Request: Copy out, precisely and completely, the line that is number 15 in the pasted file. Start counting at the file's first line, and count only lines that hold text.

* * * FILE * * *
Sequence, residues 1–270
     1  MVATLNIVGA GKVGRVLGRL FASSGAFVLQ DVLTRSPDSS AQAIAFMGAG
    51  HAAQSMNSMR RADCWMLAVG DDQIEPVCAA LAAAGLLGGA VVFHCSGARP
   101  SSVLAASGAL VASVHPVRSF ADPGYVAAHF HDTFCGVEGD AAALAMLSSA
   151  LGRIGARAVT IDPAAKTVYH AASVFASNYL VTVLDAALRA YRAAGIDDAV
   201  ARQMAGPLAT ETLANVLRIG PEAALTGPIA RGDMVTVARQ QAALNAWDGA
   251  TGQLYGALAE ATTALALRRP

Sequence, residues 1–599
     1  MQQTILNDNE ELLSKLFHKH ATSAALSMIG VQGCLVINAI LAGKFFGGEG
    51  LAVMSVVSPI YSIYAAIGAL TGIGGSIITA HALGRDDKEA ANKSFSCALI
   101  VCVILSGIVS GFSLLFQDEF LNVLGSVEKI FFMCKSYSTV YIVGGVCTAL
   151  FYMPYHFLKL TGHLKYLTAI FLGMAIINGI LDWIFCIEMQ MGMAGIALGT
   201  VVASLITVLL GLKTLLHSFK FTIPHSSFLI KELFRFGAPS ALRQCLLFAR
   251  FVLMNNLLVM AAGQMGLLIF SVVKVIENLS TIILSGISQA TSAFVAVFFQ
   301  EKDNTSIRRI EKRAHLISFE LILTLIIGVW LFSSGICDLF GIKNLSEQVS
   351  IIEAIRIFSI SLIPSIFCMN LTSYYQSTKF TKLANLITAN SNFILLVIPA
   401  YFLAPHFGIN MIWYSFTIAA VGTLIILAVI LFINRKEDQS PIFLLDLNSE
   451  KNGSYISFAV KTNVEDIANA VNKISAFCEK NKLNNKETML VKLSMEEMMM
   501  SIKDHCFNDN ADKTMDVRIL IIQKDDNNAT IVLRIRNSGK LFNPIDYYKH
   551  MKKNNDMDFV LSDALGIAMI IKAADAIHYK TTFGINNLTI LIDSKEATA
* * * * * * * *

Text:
   301  EKDNTSIRRI EKRAHLISFE LILTLIIGVW LFSSGICDLF GIKNLSEQVS